So what do we see from 2020? In short, we believe that this year is likely to be more challenging. Global markets are in a transition phase of higher uncertainty, in which the going looks likely to be harder for investors. Central to this gloomier outlook is the way we see the global economy shaping up this year and beyond – as well as monetary policymakers’ capacity to respond effectively.

It’s true that the headlines on trade, including a partial truce in the Sino-American conflict, have been encouraging so far this year. Yet trade tensions remain – and they remain at risk of growing. As well, global growth is still a concern, as much as some investors might want to wish it away. According to the International Monetary Fund, growth for 2019 is likely to come in at 2.9 per cent – the lowest mark since 2008-2009. The IMF sees an uptick in 2020, to 3.3 per cent, but that represents a downward revision to previous estimates.

Last year, as the risks from an escalation in the U.S-China trade conflict rose, we saw central banks go on a rate-cutting spree to stave off a sharp global downturn. In this way, they extended the already-long expansion phase of the business cycle. But would cuts be effective again? Going forward, we should be a bit wary of the argument that lower interest rates will produce much faster growth, for two reasons. First, interest rates are so low to start with that cuts might have less impact than if they were coming from higher levels. Second, there is the difficulty that in trying to extend what has already been the longest U.S. expansion in the last 150 years, it matters that the economy might not have much capacity left to grow without stress.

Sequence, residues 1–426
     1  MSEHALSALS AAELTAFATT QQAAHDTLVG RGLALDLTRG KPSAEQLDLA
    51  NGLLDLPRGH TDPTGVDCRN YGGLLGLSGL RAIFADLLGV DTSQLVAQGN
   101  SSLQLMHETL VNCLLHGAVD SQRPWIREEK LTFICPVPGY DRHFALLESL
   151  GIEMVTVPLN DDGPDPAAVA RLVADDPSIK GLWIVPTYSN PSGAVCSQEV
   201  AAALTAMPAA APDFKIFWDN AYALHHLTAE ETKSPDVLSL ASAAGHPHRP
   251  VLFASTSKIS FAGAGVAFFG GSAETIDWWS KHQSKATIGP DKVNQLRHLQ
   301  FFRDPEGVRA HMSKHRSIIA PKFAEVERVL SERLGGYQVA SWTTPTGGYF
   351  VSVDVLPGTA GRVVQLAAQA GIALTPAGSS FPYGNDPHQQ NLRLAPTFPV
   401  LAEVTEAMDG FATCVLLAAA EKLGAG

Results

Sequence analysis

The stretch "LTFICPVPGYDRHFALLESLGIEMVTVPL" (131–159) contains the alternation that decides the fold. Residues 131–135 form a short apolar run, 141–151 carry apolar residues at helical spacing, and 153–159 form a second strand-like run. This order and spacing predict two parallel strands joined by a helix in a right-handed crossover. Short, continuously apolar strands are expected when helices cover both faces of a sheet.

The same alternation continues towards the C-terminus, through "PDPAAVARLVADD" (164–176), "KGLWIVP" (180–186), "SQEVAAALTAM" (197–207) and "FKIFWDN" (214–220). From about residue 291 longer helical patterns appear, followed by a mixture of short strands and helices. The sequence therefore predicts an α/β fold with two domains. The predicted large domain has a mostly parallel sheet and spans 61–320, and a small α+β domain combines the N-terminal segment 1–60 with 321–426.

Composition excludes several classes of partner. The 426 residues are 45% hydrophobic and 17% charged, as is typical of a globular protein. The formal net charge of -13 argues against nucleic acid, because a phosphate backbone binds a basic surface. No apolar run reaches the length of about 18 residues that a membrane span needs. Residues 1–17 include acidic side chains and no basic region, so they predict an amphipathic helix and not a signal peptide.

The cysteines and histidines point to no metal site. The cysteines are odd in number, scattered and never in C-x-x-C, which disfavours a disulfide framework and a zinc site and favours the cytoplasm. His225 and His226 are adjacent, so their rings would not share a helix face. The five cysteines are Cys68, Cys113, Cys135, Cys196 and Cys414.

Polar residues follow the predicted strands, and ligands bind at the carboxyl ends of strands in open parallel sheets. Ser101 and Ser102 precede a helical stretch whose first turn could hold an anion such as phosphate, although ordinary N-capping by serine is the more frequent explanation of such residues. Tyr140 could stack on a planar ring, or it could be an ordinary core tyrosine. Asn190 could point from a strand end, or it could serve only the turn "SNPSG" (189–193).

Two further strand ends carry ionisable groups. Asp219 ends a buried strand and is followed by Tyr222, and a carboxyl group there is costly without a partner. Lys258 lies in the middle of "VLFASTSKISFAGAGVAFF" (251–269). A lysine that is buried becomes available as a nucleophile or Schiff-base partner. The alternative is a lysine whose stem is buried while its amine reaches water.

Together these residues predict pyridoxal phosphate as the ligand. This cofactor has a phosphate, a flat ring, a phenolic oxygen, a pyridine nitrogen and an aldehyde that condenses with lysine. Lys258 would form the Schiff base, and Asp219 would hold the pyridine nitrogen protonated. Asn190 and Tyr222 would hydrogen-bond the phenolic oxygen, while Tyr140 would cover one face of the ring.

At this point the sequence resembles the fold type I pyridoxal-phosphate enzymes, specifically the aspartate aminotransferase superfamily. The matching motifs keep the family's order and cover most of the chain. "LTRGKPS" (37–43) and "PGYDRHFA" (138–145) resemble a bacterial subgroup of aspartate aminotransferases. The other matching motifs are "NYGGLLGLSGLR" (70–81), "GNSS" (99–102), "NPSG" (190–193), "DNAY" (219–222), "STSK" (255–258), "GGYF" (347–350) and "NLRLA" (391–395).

Equity markets barrelled through slowing economic growth (and lower corporate earnings growth) in 2019. In 2020, elevated valuations might significantly constrain the upside for risk assets. That will be especially so if underlying pressures on corporate profitability, which we began to see in 2019, continue this year. Pension plan solvency, in particular, could face the risk of a double-whammy. Lower yields from (ineffective) monetary easing could raise liabilities, while risk-asset returns might fail to provide a counterbalance if they fall victim to slowing economic growth.

Our view is that money can still be made this year, but we find it quite difficult to argue that 2019’s rebound can carry on unchecked. The further we look out, the harder it is to see anything other than seriously impaired return potential for markets in 2020.

Erwan Pirou is Canada CIO for Aon.